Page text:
Grant Bradley

Aviation, tourism and energy writer for the Business Herald

Govt seeking oil and gas explorers

The Waikato block includes Kawhia Harbour. Photo / Christine Cornege
The Waikato block includes Kawhia Harbour. Photo / Christine Cornege

The Government wants explorers to look for oil and gas in a large area of the Waikato.

As part of its new annual "block offer" it has identified 25 blocks covering 40,000sq km that could be put up for competitive tender this year.

Most areas are offshore but 5704sq km of land in Waikato, Taranaki, Tasman, the West Coast and Southland could be up for exploration.

The Waikato block covers 2700sq km and stretches from the Waikato River at Cambridge in the northeast to south of Otorohanga and out to the west coast, including Kawhia Harbour.

The Ministry of Economic Development is consulting iwi and local government in the areas where the proposed blocks are located.

While the Waikato block covers oil exploration, the most likely target in the area is coal seam gas. A block near Huntly has previously produced trial quantities of the gas.

David Binnie, general manager of NZ Petroleum & Minerals, a branch within the MED, said land listed as unavailable for mining under Schedule 4 of the Crown Minerals Act will be excluded from exploration.

Once an operator is granted an onshore exploration permit or out to 12 nautical miles offshore, they are also required to apply for any necessary resource consents under the Resource Management Act.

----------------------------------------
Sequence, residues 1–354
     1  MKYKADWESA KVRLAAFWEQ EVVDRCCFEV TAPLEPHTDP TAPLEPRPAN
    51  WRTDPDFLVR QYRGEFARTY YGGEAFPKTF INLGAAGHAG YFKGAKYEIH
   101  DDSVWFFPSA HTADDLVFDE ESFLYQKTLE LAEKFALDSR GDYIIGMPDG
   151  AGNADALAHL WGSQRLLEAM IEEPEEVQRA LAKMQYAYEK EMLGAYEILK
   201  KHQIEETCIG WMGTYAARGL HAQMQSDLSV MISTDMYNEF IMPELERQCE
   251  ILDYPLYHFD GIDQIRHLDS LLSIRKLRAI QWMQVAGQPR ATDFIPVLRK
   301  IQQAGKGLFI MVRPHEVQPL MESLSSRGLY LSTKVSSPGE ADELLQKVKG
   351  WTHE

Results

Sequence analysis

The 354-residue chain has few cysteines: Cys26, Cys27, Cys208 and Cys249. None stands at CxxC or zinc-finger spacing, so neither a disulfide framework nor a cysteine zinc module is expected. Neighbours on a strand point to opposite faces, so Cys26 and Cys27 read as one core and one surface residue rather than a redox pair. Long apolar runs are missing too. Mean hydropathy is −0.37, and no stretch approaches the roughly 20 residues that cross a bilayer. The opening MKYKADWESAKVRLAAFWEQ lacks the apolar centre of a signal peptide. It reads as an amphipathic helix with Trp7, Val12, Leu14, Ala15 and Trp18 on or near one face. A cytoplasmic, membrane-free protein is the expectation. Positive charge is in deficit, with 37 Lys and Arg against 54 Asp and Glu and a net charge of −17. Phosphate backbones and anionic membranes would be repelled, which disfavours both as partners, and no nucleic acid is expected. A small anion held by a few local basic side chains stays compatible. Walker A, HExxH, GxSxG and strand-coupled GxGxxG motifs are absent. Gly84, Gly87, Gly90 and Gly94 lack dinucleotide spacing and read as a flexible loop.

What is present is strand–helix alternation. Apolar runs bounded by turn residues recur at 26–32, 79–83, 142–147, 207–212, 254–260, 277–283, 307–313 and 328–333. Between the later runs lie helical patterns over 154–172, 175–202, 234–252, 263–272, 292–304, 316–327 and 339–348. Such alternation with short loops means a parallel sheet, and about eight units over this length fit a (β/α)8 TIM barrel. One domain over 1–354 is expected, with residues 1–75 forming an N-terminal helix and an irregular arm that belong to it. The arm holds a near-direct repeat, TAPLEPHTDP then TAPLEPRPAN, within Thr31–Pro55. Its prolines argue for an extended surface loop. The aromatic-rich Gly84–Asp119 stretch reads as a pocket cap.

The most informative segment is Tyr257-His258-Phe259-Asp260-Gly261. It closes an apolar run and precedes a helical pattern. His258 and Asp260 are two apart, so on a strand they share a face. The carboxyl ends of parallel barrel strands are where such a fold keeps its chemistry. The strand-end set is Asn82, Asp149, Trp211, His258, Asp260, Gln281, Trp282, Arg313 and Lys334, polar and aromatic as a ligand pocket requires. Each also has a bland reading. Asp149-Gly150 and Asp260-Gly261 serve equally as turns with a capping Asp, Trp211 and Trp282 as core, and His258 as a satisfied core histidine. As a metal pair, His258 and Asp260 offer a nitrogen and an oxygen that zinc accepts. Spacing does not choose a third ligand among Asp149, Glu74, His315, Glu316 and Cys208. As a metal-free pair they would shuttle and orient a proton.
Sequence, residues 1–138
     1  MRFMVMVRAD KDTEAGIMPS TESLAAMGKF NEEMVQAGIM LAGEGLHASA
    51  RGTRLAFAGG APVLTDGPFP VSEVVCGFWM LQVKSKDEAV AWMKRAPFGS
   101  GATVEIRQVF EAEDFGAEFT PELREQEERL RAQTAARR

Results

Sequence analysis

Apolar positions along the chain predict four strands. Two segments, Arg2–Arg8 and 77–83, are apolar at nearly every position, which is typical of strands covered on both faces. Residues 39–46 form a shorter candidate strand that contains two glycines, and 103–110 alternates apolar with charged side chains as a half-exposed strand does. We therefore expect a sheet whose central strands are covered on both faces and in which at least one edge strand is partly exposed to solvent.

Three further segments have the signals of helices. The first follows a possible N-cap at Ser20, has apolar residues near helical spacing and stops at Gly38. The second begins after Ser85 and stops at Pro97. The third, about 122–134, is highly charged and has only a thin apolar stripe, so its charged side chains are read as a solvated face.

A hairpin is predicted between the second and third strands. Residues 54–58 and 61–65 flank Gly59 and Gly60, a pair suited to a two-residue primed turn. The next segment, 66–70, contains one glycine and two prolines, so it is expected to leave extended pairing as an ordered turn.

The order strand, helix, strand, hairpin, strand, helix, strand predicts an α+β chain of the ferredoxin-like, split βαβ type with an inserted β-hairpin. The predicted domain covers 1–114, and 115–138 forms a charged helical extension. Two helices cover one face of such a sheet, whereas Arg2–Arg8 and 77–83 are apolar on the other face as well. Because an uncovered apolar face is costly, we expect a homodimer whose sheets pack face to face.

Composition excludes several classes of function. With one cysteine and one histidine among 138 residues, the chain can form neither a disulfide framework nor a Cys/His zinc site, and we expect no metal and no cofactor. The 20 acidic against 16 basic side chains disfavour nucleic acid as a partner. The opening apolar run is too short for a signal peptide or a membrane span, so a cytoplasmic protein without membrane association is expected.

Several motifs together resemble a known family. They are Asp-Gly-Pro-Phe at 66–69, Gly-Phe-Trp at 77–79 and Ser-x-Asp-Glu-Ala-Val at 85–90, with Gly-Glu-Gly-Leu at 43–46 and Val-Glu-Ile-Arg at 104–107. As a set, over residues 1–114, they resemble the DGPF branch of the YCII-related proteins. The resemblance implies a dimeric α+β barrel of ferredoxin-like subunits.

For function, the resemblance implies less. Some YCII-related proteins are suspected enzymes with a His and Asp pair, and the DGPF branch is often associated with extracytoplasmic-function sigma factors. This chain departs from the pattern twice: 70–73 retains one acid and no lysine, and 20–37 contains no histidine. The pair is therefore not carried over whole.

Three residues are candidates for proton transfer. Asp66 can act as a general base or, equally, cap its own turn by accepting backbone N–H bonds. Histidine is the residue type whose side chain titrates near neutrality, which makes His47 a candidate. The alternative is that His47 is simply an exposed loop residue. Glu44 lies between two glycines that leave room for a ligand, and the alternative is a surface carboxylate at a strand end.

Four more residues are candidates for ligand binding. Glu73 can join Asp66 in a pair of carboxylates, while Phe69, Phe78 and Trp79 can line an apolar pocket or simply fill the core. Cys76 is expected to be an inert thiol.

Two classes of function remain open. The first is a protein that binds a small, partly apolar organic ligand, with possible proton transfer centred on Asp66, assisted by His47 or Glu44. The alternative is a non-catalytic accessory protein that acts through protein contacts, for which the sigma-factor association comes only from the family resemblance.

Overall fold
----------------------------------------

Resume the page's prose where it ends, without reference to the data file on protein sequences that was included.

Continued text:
The finalised blocks are expected to be released for competitive bidding towards the middle of this year.

New Zealand and international companies will then be invited to tender for petroleum exploration permits.

Applications will be evaluated on a number of criteria including the applicants' corporate standing, technical and financial capability, risk management practices, operating experience and proposed work programme.

Permits are expected to be awarded by the end of this year.

The change to the permit regime implements the Government's strategy announced last August.

The Government will exclusively use a "block offer" annual competitive tender and no longer use first-in, first-served permitting, known as priority-in-time.

"Priority-in-time permitting limited the Government's ability to strategically manage New Zealand's oil and gas resource. It was a reactive approach, where companies could apply to explore any area in New Zealand at any time," said Binnie.

"Using an annual block offer approach enables the Government to take more proactive control over where and when areas are opened for exploration. It will also provide more certainty and opportunity for upfront engagement with iwi, local government and industry."

Binnie said a report into potential royalty income showed that a 50 per cent increase in exploration could increase royalties to $12.7 billion.

- NZ Herald

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